Why most of my fiction ends up being speculative is harder to explain. First, I absolutely love setting up the experiment from near-scratch by reading a lot about history and then putting it through a what-if filter (aka world building). Second has to do with the what-if. So what if I imagine a medieval “Europe” plus magic, minus Christianity? The interesting part starts when magic makes women independent, and thus half the kingdoms there are actually queendoms.

What got you interested in your field?  Have you always wanted to be an artist?

Once I knew how to read, it quickly became my favorite pastime, and thanks to understanding parents, I was always encouraged to let my imagination run wild. So, in hindsight, writing as the art of choice seems kind of inevitable. Plus, thanks to my dad and a distant aunt, I always had SF or Fantasy novels to read as a kid.

I won’t claim I’ve always wanted to be a writer – I made that conscious decision at age 19 – but even before that it was always the creative outlet I’d return to, from my first bad, unfinished Jurassic Park rip-off at age 12 to atrocious poetry to slightly less atrocious song lyrics. And no kidding: I get grumpy when refused a creative outlet.

Do you have any kind of special or unique signature, symbol, or feature you include in your work that you’d be willing to reveal?

No – that is, there’s nothing to reveal, really. The only thing that is perhaps recurrent is that I tend to feature at least one aromantic character per longer original work, and in fact did before I knew aromanticism was a thing.

Nowadays, I try to include at least one asexual character per longer work – that is, someone who states a clear lack of attraction or disinterest in sex, not some ambiguous “could be read as”.

What advice would you give young aspiring artists?

Most parts of writing can be learned. It’s a craft. There’s courses, online resources, writing groups, books in the library. I’ve found it useful to create some stuff first, then learn more, then critique what I wrote in light of what I learned.

Learning how to tell a story well is way more difficult than writing beautiful sentences, though.

Search for people who will give you honest feedback about what works, and not just go “squee”.

Otherwise, writing means that you’ll need to spend large portions of your life inside your own head, which is not for everyone. Finishing a novel also requires time, patience and a heaping helping of determination to make it to “The End”.

albenbrut-gebrannte kinder-cover
Albenbrut 2 cover

ASEXUALITY

Where on the spectrum do you identify?

Asexual. I’m also aromantic, but that’s more an aside to my identity than a central defining feature.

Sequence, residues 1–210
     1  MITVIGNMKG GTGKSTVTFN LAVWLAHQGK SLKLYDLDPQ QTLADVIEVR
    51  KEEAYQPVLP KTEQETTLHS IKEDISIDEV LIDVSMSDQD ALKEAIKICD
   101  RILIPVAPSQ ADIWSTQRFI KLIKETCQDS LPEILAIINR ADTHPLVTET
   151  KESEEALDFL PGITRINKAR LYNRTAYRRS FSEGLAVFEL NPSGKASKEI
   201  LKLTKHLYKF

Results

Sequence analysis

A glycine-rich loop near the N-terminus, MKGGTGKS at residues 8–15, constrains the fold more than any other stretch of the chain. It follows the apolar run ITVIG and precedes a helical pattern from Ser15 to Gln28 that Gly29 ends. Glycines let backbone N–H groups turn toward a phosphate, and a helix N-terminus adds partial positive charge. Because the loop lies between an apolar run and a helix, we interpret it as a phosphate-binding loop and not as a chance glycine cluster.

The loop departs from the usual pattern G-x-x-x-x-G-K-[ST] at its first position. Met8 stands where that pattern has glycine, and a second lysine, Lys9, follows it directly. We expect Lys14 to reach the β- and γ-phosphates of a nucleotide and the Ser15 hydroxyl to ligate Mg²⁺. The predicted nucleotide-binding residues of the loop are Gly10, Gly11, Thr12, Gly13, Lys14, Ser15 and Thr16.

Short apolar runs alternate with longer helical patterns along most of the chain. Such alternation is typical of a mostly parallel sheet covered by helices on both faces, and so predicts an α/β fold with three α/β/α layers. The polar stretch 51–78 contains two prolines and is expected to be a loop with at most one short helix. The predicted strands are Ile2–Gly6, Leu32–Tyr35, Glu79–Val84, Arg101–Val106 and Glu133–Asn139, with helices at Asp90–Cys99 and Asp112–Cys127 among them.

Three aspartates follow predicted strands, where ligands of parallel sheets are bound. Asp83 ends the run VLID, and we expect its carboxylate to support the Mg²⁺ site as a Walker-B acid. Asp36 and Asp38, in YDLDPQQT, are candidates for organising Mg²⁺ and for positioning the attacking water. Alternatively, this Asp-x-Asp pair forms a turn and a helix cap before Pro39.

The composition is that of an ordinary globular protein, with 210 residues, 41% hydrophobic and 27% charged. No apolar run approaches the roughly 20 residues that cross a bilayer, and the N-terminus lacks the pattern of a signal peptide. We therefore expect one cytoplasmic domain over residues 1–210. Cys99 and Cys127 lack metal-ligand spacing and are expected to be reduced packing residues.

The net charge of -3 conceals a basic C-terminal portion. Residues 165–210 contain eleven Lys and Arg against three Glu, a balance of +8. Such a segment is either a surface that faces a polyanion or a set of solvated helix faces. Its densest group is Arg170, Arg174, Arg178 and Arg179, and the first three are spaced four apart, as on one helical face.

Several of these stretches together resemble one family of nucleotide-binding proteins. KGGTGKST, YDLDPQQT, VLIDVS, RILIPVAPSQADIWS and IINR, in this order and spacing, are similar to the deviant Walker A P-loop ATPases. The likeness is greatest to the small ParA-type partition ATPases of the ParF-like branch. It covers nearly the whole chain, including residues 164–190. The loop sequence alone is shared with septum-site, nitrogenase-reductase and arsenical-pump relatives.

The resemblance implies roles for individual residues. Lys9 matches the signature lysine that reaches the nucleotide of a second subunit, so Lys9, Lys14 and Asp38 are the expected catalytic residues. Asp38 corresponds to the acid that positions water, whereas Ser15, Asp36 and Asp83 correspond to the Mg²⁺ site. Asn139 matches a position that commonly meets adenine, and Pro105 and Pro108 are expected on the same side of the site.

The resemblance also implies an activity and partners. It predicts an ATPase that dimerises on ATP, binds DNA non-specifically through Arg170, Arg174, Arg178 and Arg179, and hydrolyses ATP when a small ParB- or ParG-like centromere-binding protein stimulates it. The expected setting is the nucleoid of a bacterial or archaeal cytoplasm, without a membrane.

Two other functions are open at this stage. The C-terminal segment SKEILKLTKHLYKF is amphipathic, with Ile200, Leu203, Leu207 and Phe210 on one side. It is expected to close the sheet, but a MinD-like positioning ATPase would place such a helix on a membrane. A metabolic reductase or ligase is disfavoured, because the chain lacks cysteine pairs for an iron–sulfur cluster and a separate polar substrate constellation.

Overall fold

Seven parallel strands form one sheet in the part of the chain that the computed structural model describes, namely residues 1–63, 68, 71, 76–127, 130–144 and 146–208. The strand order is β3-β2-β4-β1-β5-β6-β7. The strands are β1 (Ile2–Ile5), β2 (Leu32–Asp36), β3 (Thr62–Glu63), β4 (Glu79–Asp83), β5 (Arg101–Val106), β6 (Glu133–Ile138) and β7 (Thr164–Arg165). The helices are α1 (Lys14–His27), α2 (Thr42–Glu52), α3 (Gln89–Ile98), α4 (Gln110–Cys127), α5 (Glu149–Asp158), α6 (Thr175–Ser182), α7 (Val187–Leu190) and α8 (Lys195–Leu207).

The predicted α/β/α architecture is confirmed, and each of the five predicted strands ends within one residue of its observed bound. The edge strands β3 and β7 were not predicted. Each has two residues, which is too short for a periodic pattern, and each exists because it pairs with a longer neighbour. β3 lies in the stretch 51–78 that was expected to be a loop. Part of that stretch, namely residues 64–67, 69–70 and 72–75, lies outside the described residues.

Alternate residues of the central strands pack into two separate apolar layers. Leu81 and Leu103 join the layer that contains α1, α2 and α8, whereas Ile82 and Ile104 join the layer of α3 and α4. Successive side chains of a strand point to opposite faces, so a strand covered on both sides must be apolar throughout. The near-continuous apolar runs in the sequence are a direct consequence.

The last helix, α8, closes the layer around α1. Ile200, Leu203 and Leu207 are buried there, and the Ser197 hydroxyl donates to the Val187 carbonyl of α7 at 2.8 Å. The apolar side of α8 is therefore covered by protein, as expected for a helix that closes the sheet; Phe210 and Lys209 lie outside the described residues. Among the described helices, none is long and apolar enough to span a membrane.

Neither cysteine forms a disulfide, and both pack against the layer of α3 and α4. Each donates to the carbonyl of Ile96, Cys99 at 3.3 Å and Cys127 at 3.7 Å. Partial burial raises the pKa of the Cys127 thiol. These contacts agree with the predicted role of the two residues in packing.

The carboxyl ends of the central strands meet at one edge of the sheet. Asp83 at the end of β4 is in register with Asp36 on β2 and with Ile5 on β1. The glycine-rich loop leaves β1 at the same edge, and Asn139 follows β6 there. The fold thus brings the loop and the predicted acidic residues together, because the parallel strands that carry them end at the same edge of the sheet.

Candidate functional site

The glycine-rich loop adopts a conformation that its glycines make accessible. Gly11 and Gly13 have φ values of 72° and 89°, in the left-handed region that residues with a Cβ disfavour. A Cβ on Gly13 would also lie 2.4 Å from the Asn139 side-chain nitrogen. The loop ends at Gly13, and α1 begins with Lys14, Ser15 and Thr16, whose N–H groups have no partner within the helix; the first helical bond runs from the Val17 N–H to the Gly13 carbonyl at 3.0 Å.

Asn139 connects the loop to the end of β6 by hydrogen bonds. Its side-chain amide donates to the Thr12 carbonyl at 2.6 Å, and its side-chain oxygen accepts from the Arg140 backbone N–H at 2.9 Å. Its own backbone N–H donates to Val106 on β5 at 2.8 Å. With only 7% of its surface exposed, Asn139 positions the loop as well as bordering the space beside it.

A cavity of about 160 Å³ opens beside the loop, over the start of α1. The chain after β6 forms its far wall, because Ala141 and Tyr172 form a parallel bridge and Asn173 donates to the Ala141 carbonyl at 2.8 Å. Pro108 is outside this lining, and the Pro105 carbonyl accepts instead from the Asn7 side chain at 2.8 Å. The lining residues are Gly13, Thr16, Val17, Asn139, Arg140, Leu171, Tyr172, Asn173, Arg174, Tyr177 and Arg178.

Have you encountered any kind of ace prejudice or ignorance in your field?  If so, how do you handle it?

Actually, my fellow writers have been quite understanding so far, though there’s been a handful of people who like to argue about feminism. Or about whether sexism actually is real.

What’s the most common misconception about asexuality that you’ve encountered?

When doing vis/ed, mostly it’s people assuming that either I’m recruiting or that asexuals as a group are somehow disordered.

I actually kind of get the first response, because it hasn’t been that long that homosexuality was classified as a sickness. Given that a lot of people still believe that belonging to a minority orientation is a choice of lifestyle, the fear of being recruited tells me a lot about the amount of homophobia in our society. Most of the time you can counter that misconception by being respectful and reading up on the issue, though.

The second assumption – that we’re all suffering from an illness, a disorder or whatever – tells me a lot about the popular narratives and how pervasive they are. Asexual people never get a story, thus they can’t exist, and everyone who says they’re ace has to have A Reason(TM) to be like that.

When talking about being an ace writer, most people’s minds boggle at the fact that I write about characters who occasionally do have sex, sometimes on-screen. As if that’s somewhat more outlandish than someone else writing about things they never did, either, like living in a historical time-period or serial killing or whatever else.

What advice would you give to any asexual individuals out there who might be struggling with their orientation?

You are not alone. There’s others like you out there. They may be found online or offline, though you’re obviously not required to be an active participant in the community.

You’re probably scared, and that’s okay. Our society likes to draw a lot of lines into the sand about what is normal and acceptable behavior. Most of those lines are completely arbitrary, but it can still be very intimidating to step outside those boundaries, even if it’s just in your own thoughts.

Your feelings are valid. You’re not broken. The majority however might prefer if you felt that way, because it’s a sure-fire way to keep you quiet.

Finally, where can people find out more about your work?

There’s my German blog, where I ponder the intersection of fantasy, feminism and other forms of marginalization. I’m not doing in it English, because it’s something long overdue in Germany. There you can also find links to my original fiction (or at least to the shops where it’s sold): http://carmilladewinter.com

If you want English stuff, I’m one of those people who joined the Pit of Voles a decade ago and have yet to leave: https://www.fanfiction.net/u/906810/Carmilla-DeWinter

Thank you, Carmilla, for participating in this interview and this project. It’s very much appreciated.